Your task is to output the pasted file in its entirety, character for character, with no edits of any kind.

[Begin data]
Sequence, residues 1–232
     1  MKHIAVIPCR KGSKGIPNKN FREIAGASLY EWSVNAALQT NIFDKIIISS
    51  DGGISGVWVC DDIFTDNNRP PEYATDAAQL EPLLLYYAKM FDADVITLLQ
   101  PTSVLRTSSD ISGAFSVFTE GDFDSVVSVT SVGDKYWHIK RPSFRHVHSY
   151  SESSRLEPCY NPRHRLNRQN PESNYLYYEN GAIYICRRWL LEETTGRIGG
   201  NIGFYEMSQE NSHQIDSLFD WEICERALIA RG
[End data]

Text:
Sequence, residues 1–232
     1  MKHIAVIPCR KGSKGIPNKN FREIAGASLY EWSVNAALQT NIFDKIIISS
    51  DGGISGVWVC DDIFTDNNRP PEYATDAAQL EPLLLYYAKM FDADVITLLQ
   101  PTSVLRTSSD ISGAFSVFTE GDFDSVVSVT SVGDKYWHIK RPSFRHVHSY
   151  SESSRLEPCY NPRHRLNRQN PESNYLYYEN GAIYICRRWL LEETTGRIGG
   201  NIGFYEMSQE NSHQIDSLFD WEICERALIA RG